1. Whether an illegal practice or offence was committed in connection with the 2011 Parliamentary election for Nwoya Woman Member of Parliament by the 1st Respondent.

  1. Whether this case is fit and proper for a recount to be ordered.

  1. Whether the affidavit in support of the 1st Respondent’s reply/reply to the petition offends the law (commissioner for Oaths (Advocates) Act) and should be struck off.

  1. What are the remedies available to the parties?

The following documents were agreed upon.

  1. The Uganda Gazette Vol. CIV No. 16 dated the 4th March 2011.

  1. The letter dated the 21st February, 2011 authored by the Petitioner.

  1. The Daily Monitor dated 24th February, 2011 (Thursday).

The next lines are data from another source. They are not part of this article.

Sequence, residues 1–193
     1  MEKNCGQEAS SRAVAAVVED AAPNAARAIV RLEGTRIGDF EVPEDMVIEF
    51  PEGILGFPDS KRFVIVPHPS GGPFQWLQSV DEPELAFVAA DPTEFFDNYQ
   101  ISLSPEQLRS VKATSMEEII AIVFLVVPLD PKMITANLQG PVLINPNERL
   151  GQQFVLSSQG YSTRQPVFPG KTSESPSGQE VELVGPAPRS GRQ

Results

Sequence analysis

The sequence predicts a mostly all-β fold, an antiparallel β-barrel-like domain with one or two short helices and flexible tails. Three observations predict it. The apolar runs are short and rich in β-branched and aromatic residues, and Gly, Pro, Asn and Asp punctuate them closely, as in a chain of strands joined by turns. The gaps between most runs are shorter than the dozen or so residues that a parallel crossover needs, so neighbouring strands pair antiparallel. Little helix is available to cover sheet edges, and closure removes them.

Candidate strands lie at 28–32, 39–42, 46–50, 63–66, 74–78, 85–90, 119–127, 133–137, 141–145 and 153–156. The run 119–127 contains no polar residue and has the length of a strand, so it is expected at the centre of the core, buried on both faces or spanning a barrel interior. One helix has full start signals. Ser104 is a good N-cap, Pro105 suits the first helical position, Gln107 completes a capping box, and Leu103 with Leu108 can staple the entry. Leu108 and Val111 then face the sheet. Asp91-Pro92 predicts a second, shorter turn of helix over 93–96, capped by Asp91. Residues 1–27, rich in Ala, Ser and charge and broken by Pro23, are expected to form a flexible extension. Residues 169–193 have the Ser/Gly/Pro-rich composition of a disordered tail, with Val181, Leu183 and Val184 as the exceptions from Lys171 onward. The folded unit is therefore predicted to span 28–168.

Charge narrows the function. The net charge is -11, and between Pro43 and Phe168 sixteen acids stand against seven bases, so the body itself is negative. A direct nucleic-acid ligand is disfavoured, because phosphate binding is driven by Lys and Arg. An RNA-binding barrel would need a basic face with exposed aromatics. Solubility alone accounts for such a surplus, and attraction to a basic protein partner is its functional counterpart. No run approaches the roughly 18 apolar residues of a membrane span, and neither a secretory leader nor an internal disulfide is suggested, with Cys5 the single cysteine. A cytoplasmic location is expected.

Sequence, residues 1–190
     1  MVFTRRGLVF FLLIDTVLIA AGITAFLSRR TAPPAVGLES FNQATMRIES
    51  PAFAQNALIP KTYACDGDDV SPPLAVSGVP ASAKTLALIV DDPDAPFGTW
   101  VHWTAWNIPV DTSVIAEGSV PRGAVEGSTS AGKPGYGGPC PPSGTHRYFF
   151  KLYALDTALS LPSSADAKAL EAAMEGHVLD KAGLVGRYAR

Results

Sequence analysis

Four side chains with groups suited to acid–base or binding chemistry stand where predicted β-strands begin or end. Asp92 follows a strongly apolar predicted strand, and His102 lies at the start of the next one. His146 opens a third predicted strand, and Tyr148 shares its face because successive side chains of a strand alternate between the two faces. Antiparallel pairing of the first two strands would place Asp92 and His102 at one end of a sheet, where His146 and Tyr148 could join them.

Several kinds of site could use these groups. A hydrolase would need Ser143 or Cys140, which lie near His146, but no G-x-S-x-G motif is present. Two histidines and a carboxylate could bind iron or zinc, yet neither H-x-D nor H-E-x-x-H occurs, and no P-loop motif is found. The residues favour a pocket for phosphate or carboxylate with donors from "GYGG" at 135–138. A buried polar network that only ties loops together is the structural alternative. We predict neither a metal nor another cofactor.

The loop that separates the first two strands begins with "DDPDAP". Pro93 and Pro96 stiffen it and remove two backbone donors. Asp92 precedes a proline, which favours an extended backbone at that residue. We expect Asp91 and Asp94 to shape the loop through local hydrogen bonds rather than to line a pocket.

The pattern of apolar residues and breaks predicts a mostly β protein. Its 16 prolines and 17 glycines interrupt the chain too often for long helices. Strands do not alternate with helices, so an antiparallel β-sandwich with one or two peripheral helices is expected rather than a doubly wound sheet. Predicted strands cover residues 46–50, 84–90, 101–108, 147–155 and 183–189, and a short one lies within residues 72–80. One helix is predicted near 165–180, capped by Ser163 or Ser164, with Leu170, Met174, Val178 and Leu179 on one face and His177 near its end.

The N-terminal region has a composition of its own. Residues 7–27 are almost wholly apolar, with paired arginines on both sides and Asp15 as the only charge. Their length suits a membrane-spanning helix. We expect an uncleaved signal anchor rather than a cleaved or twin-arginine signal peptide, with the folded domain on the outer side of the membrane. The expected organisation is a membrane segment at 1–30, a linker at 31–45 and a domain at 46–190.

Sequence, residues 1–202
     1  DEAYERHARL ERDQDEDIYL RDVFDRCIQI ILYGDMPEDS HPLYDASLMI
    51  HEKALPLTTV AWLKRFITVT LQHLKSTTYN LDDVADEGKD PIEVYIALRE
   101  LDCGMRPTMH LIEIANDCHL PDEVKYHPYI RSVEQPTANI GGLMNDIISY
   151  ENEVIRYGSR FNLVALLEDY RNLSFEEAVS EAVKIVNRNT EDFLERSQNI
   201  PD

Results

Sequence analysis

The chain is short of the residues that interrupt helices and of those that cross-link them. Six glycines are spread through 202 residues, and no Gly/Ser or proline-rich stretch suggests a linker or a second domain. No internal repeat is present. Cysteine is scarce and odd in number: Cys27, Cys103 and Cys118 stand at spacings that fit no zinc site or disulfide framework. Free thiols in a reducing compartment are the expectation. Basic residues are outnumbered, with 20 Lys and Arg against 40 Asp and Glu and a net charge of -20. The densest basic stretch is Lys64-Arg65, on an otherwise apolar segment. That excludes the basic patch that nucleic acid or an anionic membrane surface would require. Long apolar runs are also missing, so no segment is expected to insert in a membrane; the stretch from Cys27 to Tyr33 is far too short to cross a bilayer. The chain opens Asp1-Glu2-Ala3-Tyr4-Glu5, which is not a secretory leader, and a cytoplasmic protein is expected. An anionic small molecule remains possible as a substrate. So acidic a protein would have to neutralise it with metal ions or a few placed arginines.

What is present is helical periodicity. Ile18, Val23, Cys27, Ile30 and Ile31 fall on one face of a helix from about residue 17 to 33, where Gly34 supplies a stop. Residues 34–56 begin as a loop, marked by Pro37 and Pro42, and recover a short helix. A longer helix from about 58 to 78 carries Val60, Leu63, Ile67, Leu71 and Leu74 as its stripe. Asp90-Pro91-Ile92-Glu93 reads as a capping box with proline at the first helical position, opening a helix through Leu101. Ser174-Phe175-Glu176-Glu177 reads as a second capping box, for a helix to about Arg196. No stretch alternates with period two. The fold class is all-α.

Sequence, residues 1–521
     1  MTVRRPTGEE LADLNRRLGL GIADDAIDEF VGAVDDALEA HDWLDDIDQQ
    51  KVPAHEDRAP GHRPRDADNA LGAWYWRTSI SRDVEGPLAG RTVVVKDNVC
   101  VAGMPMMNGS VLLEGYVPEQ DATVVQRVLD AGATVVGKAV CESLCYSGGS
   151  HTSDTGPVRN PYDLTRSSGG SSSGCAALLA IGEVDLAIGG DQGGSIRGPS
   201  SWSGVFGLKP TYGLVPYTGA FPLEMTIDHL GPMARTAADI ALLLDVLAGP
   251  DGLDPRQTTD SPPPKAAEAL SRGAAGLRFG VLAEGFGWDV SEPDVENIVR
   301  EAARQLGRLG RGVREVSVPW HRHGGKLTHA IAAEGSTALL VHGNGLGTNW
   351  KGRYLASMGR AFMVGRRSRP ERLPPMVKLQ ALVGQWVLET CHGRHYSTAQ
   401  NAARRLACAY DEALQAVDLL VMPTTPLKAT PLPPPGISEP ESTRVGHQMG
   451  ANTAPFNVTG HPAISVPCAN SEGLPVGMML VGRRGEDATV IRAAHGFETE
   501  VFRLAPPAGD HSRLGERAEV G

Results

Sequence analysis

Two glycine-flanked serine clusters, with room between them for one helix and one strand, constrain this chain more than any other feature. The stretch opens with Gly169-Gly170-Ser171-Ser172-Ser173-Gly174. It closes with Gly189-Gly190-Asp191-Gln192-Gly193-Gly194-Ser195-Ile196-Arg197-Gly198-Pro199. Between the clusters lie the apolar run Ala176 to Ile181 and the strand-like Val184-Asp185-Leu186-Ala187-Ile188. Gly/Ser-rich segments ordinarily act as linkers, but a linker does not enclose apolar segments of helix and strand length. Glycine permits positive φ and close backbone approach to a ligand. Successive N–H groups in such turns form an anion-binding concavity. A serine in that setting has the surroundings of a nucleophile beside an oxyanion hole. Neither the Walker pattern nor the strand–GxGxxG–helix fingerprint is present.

1. The Results tally sheet, District Woman Member of Parliament, Nwoya County dated 23rd February, 2011.

  1. The return form for transmission of results, Nwoya District dated 19th February, 2011.

  1. The Revised Electoral Commission Roadmap for 2011-2011 General Elections.

  2. Declaration of Results Form, Nwoya District, Alero Sub-County, Parido Primary School Polling Station.

  1. A letter dated 7th February, 2011 from the office of the District Registrar, Nwoya announcing candidates for the position of polling day officials.

  1. Document from the 2nd Respondent showing all polling stations in Nwoya for the 2011 General Elections.

Disputed Documents:

  1. Ballot paper No. 036173 for District Woman Representative to Parliament, Nwoya District, Kulu-Amuka P.7 B.

  1. Ballot paper No. 0020020 for directly elected members of Parliament, Nwoya, KOCH COO Rom P.7 School.

  2. Letter from the Criminal Investigation Directorate to Margaret Odong dated 6th May, 2011.

With all the pleadings completed, all the advocates filed written submissions within the time framework directed by this court.